# Will black level of one sensor reduce its dynamic range?

For one camera, the black level of the sensor will make the output non-zero when it is covered. For example the output of the sensor is 10bit and black level is 63, if the output is reduced by black level, the range of the output will be 0~960. So the dynamic range is reduced from 0~1023 t0 0~960. Am I right?

From the document, there is one figure

I am not a electronic engineer, so I don't understand why the analog offset is added to pixel voltage. The output of ADC is reduced by digital offset, do this will reduce dynamic range greatly?

• Not exactly as dynamic range usually is greater than resolution of the DAC Jun 12, 2015 at 15:37
• I mean of course ADC, not DAC Jun 12, 2015 at 16:45
• Really? How can that happen? Jun 13, 2015 at 1:21

For one camera, the black level of the sensor will make the output non-zero when it is covered.

That is actually not correct. The purpose is the opposite. The "Black Level Calibration" output is a negative voltage, and it works so that when the lens is covered, the input on the ADC is zero.

So the dynamic range is reduced from 0~1023 t0 0~960. Am I right?

Nope.

I am not a electronic engineer, so I don't understand why the analog offset is added to pixel voltage.

That "Black Level Calibration Block" generates an offset voltage, that is substracted from the input (gain-corrected) voltage. The entire range of the ADC is still used.

The reason why you want to do a black level calibration is that the input level, especially with high analog gain, will not be zero when photographing black, but it will be some noise (will have some spectral power and will show as a non-negative number). To only digitize actual information, you want to shift your black level higher.

Are you losing ADC range with this? Not at all, on the contrary, you use your available ADC range to sample the most important information.

The output of ADC is reduced by digital offset, do this will reduce dynamic range greatly?

Digital gain and digital offset might cause you to lose some information, if the output of the ADC is mapped to a smaller range of DOUT, or if you clip on top or bottom.

Example of all above (completely arbitrary, as voltages and multipliers are implementation-dependent):

• You make a night shot.
• You get input voltages between 2mV - 120mV from the pixel cells.
• Your ADC needs input voltages between 0V - 1V. So you your camera applies an analog gain of x10. So the amplified voltage is 20 mV - 1.2V.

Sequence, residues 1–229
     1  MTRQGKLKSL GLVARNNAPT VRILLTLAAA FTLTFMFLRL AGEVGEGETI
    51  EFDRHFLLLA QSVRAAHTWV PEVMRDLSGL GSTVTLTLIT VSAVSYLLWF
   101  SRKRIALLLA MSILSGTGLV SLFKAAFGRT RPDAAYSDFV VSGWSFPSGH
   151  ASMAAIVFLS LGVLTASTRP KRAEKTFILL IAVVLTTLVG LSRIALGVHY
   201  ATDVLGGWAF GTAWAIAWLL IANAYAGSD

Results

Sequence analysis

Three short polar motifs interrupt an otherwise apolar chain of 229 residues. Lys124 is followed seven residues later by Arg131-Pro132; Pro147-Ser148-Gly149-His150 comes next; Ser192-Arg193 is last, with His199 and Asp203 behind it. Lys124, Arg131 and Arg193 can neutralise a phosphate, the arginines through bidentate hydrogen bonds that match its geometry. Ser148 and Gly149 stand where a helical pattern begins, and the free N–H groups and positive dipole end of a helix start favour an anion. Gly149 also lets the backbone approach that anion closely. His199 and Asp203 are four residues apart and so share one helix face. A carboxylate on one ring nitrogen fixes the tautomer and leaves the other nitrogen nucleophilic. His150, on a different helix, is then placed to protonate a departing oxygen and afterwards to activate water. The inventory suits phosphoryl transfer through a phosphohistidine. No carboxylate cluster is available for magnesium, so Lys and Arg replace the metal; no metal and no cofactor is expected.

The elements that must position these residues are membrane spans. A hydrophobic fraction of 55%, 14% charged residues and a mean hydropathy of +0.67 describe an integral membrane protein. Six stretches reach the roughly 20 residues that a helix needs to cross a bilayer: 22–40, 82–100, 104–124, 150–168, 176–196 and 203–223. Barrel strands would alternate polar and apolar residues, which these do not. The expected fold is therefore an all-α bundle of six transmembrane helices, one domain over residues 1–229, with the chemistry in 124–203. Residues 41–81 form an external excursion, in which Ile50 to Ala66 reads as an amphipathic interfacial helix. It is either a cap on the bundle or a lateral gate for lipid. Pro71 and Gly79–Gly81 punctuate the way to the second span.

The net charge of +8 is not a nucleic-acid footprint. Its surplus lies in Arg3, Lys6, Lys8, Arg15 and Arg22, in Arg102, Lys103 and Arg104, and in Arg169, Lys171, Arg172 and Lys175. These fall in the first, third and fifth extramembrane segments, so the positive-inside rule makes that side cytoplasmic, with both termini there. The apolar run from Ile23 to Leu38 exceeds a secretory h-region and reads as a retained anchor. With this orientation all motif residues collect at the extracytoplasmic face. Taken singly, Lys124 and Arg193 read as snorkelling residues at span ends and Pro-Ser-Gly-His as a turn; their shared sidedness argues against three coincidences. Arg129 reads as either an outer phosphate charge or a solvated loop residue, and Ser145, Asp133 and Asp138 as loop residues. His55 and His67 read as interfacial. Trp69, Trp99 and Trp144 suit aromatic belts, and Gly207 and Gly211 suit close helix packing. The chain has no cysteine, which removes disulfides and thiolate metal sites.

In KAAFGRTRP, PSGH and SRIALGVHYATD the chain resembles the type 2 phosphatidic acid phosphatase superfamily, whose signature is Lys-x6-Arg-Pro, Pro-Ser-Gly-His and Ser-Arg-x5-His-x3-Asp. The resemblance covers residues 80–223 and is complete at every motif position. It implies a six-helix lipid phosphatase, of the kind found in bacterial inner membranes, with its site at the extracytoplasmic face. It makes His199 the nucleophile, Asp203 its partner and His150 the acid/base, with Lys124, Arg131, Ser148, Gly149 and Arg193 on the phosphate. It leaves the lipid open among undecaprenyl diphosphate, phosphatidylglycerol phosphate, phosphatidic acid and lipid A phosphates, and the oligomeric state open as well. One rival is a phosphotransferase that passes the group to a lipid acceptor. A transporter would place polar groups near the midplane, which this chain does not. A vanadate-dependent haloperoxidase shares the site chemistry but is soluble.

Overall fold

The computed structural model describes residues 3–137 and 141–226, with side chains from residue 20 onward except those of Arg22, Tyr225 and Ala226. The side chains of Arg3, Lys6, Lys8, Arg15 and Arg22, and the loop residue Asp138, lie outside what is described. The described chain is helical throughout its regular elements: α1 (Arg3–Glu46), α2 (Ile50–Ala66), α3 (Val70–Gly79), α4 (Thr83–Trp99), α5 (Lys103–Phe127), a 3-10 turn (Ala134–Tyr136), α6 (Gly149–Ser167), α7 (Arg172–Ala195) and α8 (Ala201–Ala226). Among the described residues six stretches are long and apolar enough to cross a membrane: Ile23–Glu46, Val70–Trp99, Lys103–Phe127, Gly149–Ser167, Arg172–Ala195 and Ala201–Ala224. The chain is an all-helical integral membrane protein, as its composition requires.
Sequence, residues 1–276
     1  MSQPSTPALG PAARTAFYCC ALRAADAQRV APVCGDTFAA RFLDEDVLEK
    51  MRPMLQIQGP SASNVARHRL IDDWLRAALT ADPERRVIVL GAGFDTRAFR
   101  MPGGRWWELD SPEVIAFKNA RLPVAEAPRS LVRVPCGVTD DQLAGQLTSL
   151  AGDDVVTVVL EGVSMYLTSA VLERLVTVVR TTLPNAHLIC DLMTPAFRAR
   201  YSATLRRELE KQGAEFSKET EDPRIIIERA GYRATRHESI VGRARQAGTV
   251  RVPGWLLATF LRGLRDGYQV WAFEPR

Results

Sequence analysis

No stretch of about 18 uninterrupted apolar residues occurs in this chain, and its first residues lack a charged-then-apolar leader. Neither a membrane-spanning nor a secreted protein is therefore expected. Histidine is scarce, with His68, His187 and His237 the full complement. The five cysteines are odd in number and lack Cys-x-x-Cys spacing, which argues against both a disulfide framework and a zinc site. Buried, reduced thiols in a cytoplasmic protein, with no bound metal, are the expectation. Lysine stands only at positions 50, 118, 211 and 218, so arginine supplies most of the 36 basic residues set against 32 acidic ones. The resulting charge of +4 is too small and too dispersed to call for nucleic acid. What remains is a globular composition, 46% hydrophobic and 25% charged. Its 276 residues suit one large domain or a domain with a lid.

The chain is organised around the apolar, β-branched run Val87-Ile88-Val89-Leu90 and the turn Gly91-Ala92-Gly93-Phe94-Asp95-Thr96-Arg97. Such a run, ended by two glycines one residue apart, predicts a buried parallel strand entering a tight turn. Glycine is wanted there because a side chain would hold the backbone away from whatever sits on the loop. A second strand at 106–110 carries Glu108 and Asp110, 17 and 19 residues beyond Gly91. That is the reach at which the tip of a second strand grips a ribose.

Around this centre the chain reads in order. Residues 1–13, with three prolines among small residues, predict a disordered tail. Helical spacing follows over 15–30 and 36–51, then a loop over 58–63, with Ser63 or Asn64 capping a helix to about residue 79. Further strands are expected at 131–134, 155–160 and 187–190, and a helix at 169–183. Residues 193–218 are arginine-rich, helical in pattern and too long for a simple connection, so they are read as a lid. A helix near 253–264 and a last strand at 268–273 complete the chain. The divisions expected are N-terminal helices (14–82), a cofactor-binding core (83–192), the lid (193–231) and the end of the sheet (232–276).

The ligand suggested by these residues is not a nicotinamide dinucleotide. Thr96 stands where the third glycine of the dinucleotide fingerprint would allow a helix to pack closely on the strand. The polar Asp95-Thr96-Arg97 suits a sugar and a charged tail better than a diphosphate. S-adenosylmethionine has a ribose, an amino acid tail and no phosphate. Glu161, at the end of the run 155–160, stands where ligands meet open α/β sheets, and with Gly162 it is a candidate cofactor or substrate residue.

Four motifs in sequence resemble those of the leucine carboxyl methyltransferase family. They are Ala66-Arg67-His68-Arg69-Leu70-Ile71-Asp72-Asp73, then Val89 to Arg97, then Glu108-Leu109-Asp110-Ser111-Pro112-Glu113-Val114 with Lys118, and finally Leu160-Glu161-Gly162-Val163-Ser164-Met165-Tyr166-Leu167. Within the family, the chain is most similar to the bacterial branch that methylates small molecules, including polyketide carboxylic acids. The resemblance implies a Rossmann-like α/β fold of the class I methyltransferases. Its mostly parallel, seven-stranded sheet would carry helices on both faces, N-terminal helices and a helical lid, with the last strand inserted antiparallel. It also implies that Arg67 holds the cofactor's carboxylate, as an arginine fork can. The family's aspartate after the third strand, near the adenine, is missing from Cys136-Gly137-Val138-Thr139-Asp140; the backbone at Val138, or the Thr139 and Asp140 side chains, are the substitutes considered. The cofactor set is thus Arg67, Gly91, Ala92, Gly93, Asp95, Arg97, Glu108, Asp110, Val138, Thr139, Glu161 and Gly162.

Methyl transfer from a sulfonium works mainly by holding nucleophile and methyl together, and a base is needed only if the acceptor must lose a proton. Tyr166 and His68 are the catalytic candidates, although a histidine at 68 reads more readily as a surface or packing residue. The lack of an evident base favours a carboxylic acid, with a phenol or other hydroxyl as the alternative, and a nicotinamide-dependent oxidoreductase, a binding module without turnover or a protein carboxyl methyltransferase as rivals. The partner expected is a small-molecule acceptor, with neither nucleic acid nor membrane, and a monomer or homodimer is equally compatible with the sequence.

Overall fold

• Now, if you just digitized this, you would have clipping on the top, as the max. input voltage of the ADC is 1V. On the other hand, below 20 mV you would always get 0. So to optimize the ADC's input, a -20 mV "Black Level Calibration" voltage is applied (which is your black level).
• So now the ADC sees the correct 0V - to - 1V voltages. Great! All the 1024 output values of the ADC are significant.
• Would you use digital gain and offset? No. Your data covers the biggest dynamic range!

So... why do we have digital gain and offset, you might ask? Well, because

• you have three input colors
• you want to correct white balance
• you apply some creative filter on-the-fly,
• etc.

But not, if you save to RAW! If you save to RAW, you have the highest possible dynamic range.

Now, what MIGHT reduce dynamic range even when shooting into RAW:

• incorrect analog gain (some sensor implementations use current banks that can switch between too few possible gains - this means that the amount of possible gain values are limited)
• incorrect black level. Using too low black level will mean that you use a large portion of the ADC's sampling range to sample noise. Dynamic range is tied to a level of SNR, below that it makes no sense.
• An analogy that might help for some people is turning down the gain on a microphone signal before feeding it to an ADC, so that you're not using as many bits for recording noise, while increasing the sound level that you can record without clipping. This is effectively maximizing the dynamic range that you can record. Jun 13, 2015 at 20:20